A. flavus may be an important producer of this mycotoxin in foods, but there are no surveys that include analytical determination of BNP alongside cyclopiazonic acid and aflatoxin B 1 . A. oryzae and A. sojae can produce BNP in miso and shoyu, but it is probably more important that their wild-type forms, A. flavus and A. parasiticus respectively, may produce BNP in foods. More research is needed in this area. Minor sources. Penicillium atrovenetum is another authenticated producer of BNP, but this fungus is only found in soil.

Ochratoxin A 
Ochratoxin A (OA) is a nephrotoxin, affecting all tested animal species, though effects in man have been difficult to establish unequivocally. It is listed as a probable human carcinogen (Class 2B) (JECFA, 2001). Links between OA and Balkan Endemic Nephropathy have long been sought, but not established (JECFA, 2001).

Major sources. Aspergillus ochraceus (van der Merwe et al., 1965), occurring in stored cereals (Pitt and Hocking, 1997) and coffee (Taniwaki et al., 2003). A. ochraceus has been shown to consist of two species (Varga et al., 2000a, b; Frisvad et al., 2004b). The second and new species producing large amounts of ochratoxin A consistently, has been described as A. westerdijkiae. Actually the original producer of ochratoxin A from Andropogon sorghum in South Africa, NRRL 3174, has been designated as the type culture of A. westerdijkiae (Frisvad et al., 2004b). This is interesting as A. westerdijkiae is both a better and more consistent ochratoxin producer than A. ochraceus, and it may be also more prevalent in coffee than A. ochraceus. The ex type culture of A. ochraceus CBS 108.08 only produces trace amounts of ochratoxin A.

Petromyces alliaceus (Lai et al., 1970), produces large amounts of ochratoxin A in pure culture, and OA produced by this fungus has been found in figs in California (Bayman et al., 2002). Aspergillus steynii, from the Aspergillus section Circumdati, is also a very efficient producer of OA, and has been found in green coffee beans, mouldy soy beans and rice (Frisvad et al., 2004b). As with A. westerdijkiae, A. steynii may have been identified as A. ochraceus earlier, so the relative abundance of these three species is difficult to evaluate at present.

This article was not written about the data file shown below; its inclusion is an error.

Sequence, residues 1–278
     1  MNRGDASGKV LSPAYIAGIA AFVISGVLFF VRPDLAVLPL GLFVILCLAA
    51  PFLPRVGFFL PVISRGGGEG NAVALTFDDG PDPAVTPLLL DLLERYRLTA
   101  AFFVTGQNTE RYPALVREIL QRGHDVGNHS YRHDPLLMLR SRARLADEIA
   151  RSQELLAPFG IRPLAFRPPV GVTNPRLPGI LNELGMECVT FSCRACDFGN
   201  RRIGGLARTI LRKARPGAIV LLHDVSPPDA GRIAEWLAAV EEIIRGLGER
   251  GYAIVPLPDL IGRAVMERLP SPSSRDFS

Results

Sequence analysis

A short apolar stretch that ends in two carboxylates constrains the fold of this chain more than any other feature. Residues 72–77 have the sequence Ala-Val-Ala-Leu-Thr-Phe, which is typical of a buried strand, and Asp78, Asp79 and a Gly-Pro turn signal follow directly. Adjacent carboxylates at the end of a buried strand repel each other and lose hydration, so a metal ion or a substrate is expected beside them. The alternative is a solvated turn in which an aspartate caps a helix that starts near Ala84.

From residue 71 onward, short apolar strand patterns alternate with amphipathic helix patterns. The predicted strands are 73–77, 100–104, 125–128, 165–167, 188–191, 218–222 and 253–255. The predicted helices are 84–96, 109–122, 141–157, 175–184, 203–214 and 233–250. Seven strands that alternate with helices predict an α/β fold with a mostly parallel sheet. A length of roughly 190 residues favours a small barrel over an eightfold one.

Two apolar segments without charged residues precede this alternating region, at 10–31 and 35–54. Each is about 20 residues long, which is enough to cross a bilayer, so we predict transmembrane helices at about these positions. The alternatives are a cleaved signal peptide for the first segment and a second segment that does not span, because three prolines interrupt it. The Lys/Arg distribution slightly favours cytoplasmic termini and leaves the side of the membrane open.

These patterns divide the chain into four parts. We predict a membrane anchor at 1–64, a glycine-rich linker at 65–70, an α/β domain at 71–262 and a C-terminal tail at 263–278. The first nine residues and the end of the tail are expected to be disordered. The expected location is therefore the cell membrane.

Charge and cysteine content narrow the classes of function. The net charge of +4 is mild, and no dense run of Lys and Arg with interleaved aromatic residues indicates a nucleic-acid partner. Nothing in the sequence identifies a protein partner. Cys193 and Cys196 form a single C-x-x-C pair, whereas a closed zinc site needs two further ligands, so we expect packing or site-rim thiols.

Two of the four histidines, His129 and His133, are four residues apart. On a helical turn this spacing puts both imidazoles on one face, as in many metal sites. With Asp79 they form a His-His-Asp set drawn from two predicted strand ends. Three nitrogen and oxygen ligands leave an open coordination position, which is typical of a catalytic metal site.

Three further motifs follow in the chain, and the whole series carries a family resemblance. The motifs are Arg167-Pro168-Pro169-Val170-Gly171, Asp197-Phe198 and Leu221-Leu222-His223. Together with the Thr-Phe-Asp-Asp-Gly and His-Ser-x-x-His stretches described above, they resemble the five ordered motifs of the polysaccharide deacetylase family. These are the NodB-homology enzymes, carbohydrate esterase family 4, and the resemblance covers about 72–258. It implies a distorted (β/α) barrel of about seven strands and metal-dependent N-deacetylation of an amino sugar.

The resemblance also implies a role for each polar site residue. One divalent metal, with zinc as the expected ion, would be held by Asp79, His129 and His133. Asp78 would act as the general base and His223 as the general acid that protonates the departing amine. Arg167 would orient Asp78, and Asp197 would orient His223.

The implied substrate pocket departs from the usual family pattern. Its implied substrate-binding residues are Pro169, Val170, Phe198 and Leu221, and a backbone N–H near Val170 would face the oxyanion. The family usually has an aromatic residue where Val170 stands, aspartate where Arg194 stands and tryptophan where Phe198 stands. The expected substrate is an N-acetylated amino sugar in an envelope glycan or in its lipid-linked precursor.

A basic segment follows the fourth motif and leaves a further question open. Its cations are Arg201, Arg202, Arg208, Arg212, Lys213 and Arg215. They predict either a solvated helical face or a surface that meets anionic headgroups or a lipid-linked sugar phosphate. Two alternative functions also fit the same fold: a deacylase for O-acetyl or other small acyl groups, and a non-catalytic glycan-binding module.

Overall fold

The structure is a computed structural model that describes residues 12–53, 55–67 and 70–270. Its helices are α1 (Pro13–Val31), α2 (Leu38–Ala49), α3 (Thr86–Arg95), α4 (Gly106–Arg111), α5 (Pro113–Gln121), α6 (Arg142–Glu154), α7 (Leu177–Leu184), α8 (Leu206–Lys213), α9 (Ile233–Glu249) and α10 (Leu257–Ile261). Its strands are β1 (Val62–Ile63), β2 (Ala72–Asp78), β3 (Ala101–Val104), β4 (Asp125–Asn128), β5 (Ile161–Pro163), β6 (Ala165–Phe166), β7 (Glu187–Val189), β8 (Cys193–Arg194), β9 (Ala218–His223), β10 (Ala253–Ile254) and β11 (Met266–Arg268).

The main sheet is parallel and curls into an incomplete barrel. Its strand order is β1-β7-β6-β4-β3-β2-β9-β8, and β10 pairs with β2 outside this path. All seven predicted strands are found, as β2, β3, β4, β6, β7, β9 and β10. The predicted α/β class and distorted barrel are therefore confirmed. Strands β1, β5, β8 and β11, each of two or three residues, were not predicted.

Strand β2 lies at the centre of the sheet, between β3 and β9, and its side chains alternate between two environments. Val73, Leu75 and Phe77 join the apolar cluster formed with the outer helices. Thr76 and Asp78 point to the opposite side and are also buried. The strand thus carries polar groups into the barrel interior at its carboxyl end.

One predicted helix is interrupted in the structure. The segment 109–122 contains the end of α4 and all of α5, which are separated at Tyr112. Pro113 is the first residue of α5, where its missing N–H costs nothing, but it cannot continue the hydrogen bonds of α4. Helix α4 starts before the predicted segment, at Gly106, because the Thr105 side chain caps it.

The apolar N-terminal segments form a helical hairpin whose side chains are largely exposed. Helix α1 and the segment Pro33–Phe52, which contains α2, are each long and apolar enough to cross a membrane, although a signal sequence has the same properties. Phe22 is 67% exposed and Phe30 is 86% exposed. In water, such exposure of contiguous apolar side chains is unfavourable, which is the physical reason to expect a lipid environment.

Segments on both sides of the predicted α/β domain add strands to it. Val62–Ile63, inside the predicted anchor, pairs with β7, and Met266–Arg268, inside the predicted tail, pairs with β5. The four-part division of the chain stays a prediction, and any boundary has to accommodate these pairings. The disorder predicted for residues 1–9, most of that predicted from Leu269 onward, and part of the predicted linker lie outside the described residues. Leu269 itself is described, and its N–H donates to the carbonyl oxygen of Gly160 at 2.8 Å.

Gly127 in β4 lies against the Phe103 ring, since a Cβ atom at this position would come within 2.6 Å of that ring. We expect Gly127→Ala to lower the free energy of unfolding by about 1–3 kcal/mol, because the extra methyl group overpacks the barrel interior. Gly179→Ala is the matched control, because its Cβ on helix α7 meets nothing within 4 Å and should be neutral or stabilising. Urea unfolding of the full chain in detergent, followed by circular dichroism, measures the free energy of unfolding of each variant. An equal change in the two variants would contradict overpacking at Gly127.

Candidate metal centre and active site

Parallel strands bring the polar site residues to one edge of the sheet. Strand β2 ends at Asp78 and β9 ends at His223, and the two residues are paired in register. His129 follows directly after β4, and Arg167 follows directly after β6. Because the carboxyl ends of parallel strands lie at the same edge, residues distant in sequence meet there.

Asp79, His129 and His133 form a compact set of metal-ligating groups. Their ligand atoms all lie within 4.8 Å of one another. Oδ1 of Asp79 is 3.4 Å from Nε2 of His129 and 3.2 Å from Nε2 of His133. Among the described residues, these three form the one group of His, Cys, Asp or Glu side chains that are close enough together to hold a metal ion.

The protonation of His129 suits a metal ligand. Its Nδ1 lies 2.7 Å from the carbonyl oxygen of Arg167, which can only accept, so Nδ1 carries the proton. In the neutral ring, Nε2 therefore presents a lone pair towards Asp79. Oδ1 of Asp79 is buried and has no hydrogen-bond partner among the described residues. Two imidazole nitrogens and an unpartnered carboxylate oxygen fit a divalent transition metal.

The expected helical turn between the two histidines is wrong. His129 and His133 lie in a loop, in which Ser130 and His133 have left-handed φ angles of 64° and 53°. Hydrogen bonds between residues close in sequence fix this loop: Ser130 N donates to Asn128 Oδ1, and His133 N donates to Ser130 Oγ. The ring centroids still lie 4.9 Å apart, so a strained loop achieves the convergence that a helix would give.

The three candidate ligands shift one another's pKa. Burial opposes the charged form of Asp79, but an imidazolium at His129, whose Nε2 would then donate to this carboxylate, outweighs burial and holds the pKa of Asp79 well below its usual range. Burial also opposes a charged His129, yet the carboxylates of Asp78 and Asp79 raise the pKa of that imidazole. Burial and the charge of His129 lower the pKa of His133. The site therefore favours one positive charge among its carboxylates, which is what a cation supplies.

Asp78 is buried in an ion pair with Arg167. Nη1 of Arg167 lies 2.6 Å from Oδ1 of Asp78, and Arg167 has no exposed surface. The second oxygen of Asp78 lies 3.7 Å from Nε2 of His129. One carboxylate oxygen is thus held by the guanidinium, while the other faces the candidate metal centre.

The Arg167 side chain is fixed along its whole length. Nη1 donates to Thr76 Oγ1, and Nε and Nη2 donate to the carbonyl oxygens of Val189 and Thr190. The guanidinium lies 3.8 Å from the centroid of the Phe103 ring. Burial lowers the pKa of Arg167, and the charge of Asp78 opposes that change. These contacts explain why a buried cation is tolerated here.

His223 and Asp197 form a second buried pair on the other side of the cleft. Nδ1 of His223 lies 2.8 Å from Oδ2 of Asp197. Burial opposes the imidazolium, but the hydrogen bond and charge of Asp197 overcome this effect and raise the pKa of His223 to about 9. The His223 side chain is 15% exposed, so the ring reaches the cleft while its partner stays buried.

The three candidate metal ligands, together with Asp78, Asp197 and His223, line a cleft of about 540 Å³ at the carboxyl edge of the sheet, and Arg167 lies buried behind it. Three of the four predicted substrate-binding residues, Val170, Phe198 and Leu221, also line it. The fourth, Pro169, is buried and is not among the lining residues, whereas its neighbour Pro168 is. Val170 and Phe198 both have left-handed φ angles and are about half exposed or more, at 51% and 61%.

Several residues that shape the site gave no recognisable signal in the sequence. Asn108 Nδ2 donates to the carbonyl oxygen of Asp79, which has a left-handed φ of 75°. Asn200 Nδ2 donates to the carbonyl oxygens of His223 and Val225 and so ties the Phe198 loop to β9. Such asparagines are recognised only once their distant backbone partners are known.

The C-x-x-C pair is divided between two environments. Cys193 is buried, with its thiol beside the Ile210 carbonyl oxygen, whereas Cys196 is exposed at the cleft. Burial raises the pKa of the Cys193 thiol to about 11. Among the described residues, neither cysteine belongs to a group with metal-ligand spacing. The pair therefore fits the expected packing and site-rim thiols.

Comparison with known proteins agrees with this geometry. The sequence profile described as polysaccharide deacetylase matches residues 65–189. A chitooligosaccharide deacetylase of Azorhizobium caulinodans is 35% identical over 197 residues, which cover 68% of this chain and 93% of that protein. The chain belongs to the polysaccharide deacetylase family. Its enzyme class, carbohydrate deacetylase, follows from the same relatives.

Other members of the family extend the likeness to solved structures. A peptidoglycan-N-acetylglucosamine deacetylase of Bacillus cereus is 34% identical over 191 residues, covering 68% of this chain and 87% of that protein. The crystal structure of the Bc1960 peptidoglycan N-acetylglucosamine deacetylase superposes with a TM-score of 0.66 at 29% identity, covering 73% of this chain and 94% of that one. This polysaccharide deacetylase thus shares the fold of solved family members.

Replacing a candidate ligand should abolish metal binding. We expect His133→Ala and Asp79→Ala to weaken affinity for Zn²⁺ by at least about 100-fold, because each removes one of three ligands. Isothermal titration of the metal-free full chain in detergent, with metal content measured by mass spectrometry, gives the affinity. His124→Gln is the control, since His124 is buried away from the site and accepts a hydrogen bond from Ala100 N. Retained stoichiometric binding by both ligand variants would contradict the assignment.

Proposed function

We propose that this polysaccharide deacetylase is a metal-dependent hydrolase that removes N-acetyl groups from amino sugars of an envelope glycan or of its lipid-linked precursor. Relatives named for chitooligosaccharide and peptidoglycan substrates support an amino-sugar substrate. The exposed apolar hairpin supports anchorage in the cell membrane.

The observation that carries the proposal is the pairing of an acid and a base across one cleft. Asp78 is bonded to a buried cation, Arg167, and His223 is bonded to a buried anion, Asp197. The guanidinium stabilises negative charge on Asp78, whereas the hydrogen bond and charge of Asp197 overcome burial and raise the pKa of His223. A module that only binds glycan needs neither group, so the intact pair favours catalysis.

Sterigmatocystin is a possible carcinogen. However, its low solubil-ty in water or gastric juices limits its potential to cause human ill (Pitt and Hocking, 1997).

Major sources. The major source of sterigmatocystin in foods is Aspergillus versicolor. This fungus is common on cheese, but may also occur on other substrates (Pitt and Hocking, 1997). Minor sources. A large number of species are able to produce sterigmatocystin, including Chaetomium spp., Emericella spp., Monocillium nordinii and Humicola fuscoatra (Joshi et al., 2002). These species are unlikely to contaminate foods.

Verruculogen and Fumitremorgins
Verrucologen is an extremely toxic tremorgenic mycotoxin, but it is unlikely to be founding significant levels in foods. Neosartorya fisheri may be present in heat treated foods, but N. glabra and allied species are much more common in foods, and the latter species do not pro-
duce verrucologen.

Major sources. Aspergillus fumigatus and Neosartorya fischeri are the major Aspergillus species producing verruculogen but these species are uncommon in foods. These species produce many other toxic compounds including gliotoxin, fumigaclavins, and tryptoquivalins (Cole et al., 1977; Cole and Cox, 1981; Panaccione and Coyle, 2005).

Minor sources. Aspergillus caespitosus, Penicillium mononematosum and P. brasilianum are efficient producers of verrucologen and fumitremorgins, but are very rare in foods and feeds.